Ultimately, British Cycling and UK Sport were successful with their argument that they were not the employers of Jess Varnish, but that they had merely provided her with the “opportunity and a platform” to progress and be successful in cycling.
While it is possible that the finding may be appealed, the decision in this case is slightly similar to that in the recent Deliveroo case in which it was found that delivery riders for Deliveroo were independent contractors and not entitled to the rights afforded to workers and employees.
A defamation complaint amounted to a protected disclosure for the purpose of a whistleblowing claim – Ibrahim v HCA International Ltd  UKEAT_0105_18_1309
In this case Mr Ibrahim worked for HCAI Ltd as an interpreter in a private hospital. Following the circulation of rumours among patients and their families that he was breaching patient confidentiality, he met with a senior manager to ask her to investigate in order to ‘clear his name’ and ‘re-establish his reputation’. The subject of his grievance was that the accusations were falsely being made by colleagues. His complaint was investigated by the HR department at HCAI Ltd and rejected. Following his dismissal, Mr Ibrahim brought several claims to the Employment Tribunal, including one of detriment for having made a protected disclosure (‘whistleblowing’) under section 47B of the Employment Rights Act 1996 (ERA 1996).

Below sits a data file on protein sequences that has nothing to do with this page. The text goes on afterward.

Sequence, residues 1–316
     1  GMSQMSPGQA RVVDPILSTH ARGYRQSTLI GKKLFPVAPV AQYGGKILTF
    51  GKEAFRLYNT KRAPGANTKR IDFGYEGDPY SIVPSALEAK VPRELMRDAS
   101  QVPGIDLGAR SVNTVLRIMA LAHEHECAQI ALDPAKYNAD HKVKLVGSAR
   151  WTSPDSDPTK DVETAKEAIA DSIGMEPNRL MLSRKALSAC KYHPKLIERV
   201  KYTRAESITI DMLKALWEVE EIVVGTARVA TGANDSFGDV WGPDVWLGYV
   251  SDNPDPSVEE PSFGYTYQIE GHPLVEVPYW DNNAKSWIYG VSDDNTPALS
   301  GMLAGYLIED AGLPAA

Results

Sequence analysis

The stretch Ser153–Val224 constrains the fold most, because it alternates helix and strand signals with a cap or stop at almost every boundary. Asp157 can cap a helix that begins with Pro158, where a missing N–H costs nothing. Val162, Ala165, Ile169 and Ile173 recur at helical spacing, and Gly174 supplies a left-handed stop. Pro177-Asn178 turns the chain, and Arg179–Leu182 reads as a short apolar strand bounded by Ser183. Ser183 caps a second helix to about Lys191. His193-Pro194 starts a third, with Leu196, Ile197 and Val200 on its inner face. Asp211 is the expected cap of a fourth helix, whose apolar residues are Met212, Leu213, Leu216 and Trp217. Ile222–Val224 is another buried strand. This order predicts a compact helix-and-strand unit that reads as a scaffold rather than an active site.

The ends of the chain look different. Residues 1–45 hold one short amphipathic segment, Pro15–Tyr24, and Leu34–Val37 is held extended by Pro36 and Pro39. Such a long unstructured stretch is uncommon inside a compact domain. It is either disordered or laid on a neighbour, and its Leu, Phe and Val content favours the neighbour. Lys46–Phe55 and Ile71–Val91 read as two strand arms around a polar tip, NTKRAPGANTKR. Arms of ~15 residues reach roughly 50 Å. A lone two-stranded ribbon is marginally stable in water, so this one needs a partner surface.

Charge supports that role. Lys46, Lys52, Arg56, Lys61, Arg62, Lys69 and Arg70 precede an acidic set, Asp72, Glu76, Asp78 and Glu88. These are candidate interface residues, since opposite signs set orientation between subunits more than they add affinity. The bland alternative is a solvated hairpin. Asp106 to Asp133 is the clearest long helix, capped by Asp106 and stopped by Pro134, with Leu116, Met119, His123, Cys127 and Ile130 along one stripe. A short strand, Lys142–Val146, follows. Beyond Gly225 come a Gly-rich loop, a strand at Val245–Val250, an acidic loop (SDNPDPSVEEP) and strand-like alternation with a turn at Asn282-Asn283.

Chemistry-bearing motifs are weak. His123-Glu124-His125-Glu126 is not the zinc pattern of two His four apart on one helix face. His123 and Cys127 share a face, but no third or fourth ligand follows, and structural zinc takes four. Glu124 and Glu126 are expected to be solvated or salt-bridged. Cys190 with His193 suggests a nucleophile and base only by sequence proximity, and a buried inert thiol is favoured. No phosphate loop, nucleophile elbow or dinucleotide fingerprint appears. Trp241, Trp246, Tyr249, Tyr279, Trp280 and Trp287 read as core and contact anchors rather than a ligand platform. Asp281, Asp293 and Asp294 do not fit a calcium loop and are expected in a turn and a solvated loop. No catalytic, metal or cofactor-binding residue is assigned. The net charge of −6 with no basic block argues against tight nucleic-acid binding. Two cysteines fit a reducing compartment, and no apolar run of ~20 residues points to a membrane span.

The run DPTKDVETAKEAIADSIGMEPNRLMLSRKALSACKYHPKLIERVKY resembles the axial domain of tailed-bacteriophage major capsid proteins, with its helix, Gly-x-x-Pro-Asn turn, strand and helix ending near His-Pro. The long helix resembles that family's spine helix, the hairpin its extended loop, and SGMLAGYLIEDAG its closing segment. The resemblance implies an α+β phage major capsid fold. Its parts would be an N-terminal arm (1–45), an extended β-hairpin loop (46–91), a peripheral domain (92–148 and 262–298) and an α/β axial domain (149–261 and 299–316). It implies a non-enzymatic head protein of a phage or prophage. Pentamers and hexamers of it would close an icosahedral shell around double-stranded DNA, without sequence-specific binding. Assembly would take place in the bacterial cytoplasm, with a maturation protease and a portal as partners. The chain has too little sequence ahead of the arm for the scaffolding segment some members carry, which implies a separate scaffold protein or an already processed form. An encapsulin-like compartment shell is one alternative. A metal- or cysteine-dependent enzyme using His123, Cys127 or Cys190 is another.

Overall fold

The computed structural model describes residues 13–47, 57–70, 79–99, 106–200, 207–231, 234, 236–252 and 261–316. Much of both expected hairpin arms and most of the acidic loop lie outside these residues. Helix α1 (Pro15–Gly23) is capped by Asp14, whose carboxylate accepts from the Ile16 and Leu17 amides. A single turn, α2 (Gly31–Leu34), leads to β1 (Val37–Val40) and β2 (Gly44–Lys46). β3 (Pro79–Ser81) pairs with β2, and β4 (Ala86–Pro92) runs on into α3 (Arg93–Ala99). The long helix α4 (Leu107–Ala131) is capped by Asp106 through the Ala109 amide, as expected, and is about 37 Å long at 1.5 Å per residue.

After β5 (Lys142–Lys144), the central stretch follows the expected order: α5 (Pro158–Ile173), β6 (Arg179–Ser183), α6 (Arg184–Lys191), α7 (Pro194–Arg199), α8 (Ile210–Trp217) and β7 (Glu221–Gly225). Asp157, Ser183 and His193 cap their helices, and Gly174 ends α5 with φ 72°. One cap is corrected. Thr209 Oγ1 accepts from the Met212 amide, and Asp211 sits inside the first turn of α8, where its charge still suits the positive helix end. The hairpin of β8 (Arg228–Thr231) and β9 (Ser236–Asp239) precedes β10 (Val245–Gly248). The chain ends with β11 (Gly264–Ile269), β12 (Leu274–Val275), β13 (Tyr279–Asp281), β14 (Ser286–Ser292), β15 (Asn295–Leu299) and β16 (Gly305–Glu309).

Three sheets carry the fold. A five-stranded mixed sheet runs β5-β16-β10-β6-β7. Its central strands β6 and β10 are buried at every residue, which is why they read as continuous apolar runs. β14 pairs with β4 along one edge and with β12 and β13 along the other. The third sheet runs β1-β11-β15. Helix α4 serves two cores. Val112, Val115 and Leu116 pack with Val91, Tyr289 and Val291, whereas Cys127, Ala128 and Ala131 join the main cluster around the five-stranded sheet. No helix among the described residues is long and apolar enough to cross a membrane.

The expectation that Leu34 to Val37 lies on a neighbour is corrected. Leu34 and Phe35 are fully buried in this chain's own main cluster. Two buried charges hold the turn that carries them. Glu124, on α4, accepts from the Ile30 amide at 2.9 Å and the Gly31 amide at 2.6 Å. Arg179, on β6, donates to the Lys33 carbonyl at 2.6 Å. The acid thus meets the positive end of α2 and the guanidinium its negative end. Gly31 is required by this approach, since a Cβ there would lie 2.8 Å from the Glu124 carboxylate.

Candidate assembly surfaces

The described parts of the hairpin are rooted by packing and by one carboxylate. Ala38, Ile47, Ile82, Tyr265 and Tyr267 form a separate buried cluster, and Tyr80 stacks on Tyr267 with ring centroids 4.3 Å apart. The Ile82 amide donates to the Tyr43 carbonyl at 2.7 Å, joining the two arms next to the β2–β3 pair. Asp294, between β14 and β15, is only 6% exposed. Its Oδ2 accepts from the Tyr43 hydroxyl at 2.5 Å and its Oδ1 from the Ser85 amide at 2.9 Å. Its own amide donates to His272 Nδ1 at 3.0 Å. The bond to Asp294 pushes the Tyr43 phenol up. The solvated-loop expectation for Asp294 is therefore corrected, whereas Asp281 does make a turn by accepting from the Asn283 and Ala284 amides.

Mr Ibrahim’s whistleblowing claim was dismissed by the Tribunal. It was held that a complaint of this nature could not give rise to a breach of a legal obligation under s43B(1)(b) ERA 1996. It was also held that Mr Ibrahim had not made his complaint with a reasonable belief that it was ‘in the public interest’, which is a requirement of s43B(1). This conclusion was reached on the grounds that he had made his complaint with the aim of ‘clearing his name and re-establishing his reputation’.
Mr Ibrahim’s appeal to the EAT was dismissed. The EAT agreed with the Tribunal in that Mr Ibrahim’s complaint did not have the ‘public interest’ element required by s43(B)(1). However, the EAT disagreed with the Tribunal that a complaint of this nature did not fall within s43B(1)(b). It was concluded that the ‘legal obligation’, referred to in this section, can include tortious duties such as those contained in the Defamation Act 2013.